President Trump informed North Korea that he too has a “nuclear button," riffing off of North Korean leader Kim Jong Un’s claim Monday that the U.S. should know he has such a device readily available on his desk.

“North Korean Leader Kim Jong Un just stated that the ‘Nuclear Button is on his desk at all times,’” Trump tweeted Tuesday evening. “Will someone from his depleted and food starved regime please inform him that I too have a Nuclear Button, but it is a much bigger & more powerful one than his, and my Button works!”

Trump’s tweet follows comments made by Kim that he had a button for nuclear weapons already at his disposal.

"The U.S. should know that the button for nuclear weapons is on my table," he said during his annual New Year's Day speech, according to The Associated Press.

"The entire area of the U.S. mainland is within our nuclear strike range. ...The United States can never start a war against me and our country," Kim said.

North Korea ramped up its nuclear weapons and missile programs in 2017, Trump's first year in office.

Pyongyang launched multiple missile tests throughout the year and claimed a test in November was with a new type of ballistic missile. Experts were concerned that the test demonstrated an increasing capability of striking the entire U.S. mainland.

North Korea also conducted a nuclear test in September — its most powerful one so far.

In December, the United Nations Security Council made a unanimous decision to implement stricter sanctions upon a North Korea, in response to the missile test.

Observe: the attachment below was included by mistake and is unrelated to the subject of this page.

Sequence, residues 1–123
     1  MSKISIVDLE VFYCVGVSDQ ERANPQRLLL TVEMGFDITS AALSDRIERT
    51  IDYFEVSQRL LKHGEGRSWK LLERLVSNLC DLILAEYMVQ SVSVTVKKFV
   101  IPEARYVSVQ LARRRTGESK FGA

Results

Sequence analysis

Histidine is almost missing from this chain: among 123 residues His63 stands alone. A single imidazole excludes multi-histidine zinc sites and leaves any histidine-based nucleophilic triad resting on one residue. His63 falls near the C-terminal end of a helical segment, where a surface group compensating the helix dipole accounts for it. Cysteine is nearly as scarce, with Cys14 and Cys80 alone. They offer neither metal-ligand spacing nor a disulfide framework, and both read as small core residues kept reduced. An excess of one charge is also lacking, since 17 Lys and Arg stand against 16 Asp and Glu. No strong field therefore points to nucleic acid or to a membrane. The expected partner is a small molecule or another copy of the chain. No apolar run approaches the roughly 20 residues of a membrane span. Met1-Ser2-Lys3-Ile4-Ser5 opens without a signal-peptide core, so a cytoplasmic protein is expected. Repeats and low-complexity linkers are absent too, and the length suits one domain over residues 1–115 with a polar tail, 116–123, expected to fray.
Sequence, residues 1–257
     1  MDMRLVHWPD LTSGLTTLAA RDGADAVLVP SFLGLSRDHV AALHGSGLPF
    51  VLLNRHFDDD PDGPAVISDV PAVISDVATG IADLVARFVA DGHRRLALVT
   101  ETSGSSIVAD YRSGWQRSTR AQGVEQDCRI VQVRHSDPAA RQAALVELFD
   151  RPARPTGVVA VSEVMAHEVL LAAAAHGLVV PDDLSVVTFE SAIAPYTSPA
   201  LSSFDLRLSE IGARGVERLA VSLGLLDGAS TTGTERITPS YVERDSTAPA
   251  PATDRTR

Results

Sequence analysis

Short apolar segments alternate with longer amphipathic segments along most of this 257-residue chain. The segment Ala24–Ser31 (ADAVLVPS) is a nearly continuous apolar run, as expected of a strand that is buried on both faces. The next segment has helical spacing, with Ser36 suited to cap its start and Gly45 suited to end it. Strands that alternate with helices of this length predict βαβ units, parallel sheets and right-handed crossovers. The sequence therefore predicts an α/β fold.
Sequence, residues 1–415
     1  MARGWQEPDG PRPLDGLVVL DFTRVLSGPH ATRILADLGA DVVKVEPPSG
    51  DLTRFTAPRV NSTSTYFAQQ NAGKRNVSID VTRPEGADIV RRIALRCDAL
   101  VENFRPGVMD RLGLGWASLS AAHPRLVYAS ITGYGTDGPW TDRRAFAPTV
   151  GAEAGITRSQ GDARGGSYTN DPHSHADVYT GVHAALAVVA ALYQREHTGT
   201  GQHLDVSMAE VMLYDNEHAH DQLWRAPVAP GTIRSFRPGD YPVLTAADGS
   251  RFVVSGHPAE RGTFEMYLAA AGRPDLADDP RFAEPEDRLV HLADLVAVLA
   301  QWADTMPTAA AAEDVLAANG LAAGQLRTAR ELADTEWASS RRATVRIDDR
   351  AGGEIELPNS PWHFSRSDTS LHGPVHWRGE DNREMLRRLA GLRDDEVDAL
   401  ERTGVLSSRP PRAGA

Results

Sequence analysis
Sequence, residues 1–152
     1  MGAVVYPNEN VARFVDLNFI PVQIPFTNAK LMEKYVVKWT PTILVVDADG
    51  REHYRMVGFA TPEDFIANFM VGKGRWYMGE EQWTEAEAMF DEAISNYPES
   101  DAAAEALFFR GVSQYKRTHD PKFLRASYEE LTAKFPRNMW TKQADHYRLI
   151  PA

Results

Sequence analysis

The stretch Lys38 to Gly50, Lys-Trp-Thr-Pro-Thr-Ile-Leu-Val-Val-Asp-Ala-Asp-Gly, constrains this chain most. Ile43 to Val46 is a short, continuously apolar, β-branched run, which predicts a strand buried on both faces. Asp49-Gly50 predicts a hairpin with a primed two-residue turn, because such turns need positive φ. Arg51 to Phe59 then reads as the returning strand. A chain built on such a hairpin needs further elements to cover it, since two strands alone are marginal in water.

The new sanctions will lower limits of North Korea’s oil imports, require North Koreans working abroad to return to North Korea within 24 months to deprive the nation of foreign currency, and crack down on North Korea’s exports.

Earlier Tuesday, Trump tweeted that the sanctions were having a significant effect on the regime.

“Sanctions and ‘other’ pressures are beginning to have a big impact on North Korea,” he said. “Soldiers are dangerously fleeing to South Korea. Rocket man now wants to talk to South Korea for first time. Perhaps that is good news, perhaps not - we will see!”

Although presidents do not have a “nuclear button,” a briefcase known as a “football” is carried by a military aide, wherever the president goes. The “football” includes communication infrastructure and a briefing booklet with several war options for the president to pick.

The briefcase contains a sealed packet with an authentication code that allows officials to know an order from the president has been given to launch nuclear weapons. Then, the National Military Command Center translates it into an emergency actions message, which is then sent to a command center to release the nuclear weapons.

The Trump administration has said it has not ruled out a military option for handling North Korea, but stressed it would rather take a diplomatic route.